Then, as people got used to the idea that they could have these things in their homes at a reasonable price, they started coming to us with ideas – like, “Wouldn’t it be cool if it could recharge itself?” or “Wouldn’t it be great if I could get it to turn on every day at the same time?” So we brought out those additional features. [Today, the Roomba comes in four models, from the high-end Roomba Discovery for $300 to the Roomba Red for $150. – Eds.]
* Correction: Due to a transcription error, the original version of this story said that iRobot had sold 5 million Roombas. The actual number is 1.5 million.
TR: Along with being affordable, the Roomba is also easy to use. It has a very simple user interface – basically, an On-Off button, a Clean button, and a Spot Clean button. How much thought went into that?
HG: We had in mind that we needed to keep it very simple. But we actually discovered that our first Roomba wasn’t simple enough. It had a small, medium, and large setting for rooms of different sizes. But most people don’t know the square footage of their rooms. Now you can put it on “Clean” and the Roomba figures out how big the room is. It just keeps going until it’s almost out of battery power. That’s a much easier user interface. In fact, having the Roomba be easy to use is one of the big distinguishing factors from any other robot or computer system. You push the button and it does the job.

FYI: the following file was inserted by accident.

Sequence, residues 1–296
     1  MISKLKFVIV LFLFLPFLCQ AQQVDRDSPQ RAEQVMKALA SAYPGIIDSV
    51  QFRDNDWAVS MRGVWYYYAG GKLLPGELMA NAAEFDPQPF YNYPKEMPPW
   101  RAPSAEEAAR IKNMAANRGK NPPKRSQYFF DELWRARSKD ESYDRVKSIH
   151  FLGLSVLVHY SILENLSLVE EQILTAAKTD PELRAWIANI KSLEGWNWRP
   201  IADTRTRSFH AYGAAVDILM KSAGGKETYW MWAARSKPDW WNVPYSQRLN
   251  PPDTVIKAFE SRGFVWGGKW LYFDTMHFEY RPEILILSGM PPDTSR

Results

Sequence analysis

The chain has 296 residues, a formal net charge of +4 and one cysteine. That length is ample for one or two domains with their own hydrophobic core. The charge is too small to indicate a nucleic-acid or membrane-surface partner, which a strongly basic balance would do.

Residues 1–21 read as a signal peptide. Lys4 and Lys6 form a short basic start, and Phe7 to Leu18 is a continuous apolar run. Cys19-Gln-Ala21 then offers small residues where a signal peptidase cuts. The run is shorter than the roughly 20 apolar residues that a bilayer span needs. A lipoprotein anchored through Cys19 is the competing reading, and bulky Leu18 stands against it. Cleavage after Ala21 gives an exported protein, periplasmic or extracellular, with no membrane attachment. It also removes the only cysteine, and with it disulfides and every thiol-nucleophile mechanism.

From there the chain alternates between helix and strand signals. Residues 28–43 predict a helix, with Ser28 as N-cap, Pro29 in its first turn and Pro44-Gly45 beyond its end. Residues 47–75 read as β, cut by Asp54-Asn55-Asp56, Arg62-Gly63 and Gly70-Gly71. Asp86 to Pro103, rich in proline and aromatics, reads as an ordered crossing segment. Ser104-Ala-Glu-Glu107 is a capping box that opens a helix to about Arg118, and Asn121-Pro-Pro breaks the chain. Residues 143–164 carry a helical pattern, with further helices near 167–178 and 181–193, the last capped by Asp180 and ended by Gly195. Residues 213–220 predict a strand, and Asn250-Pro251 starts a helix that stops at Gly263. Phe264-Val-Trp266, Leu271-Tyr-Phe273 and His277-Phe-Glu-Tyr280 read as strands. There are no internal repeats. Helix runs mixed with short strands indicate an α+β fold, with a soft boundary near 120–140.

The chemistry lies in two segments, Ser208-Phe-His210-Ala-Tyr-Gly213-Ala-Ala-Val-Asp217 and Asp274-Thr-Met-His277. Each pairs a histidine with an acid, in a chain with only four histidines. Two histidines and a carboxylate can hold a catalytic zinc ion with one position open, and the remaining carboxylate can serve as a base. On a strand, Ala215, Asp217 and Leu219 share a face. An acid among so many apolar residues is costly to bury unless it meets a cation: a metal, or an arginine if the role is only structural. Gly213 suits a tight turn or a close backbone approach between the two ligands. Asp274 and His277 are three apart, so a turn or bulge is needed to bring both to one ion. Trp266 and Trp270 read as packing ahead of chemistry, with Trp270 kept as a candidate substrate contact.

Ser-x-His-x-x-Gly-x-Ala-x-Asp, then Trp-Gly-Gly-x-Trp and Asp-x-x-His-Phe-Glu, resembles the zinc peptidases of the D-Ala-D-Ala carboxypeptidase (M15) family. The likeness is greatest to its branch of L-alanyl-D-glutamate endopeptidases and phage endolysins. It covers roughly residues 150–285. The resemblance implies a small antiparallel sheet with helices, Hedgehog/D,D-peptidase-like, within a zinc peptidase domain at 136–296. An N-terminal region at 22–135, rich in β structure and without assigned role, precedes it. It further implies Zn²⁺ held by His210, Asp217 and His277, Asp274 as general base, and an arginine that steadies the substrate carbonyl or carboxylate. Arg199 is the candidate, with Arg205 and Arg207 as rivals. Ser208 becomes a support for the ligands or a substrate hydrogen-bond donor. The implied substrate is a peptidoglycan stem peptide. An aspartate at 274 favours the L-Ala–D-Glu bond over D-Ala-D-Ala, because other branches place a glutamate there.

TR: With those two limiting factors – price and ease of use – how much different is the Scooba from the Roomba?
HG: The way the Scooba navigates around a room is very similar, which is great for us; but the actual mechanism, because it deals with fluidics, is completely different. We even had to get down to studying the chemistry of soap. We worked with Clorox to develop a high-traction soap, because putting soap on the floor makes robots slip. You want a robot-friendly cleaning fluid. Then there’s dealing with fluids. This robot picks up the debris, lays down the cleaning fluid, scrubs it in, and sucks it up at the back, always keeping the clean and dirty water separate.
TR: As you hone in on the essential functions of home robots and make prices consumer-friendly, the next step seems to be finding tasks for new robots. What other kinds of jobs could future iRobot robots perform?
HG: You can think of commercial cleaning. Every floor in every office, retail chain, and school gets the floors cleaned at night. Also, we have an aging demographic and those people want to remain living more independently in their own homes. So you can think about things like washing windows, cleaning the bathroom, cleaning the toilet, mowing the lawn, shoveling snow, and raking leaves.
Basically, I’d say look at the areas where people don’t like to do a job – and the job doesn’t get done as much as the homemaker or the person in charge would like it to get done. That’s the place where there’s a real consumer need.
TR: Why aren’t there more companies bringing out home robots?
HG: I think that bringing all the parts together in one place is a nontrivial matter. Robots are a true integration of electrical engineering, mechanical engineering, computer science, production engineering, and a real focus on the cost structure and the real needs people have in their homes, or in the military. There might be other companies with a real expertise in robot software. We’ve assembled a team here that incorporates all of those disciplines, and the team works very much in a customer-focused way.
Home page image courtesy of iRobot.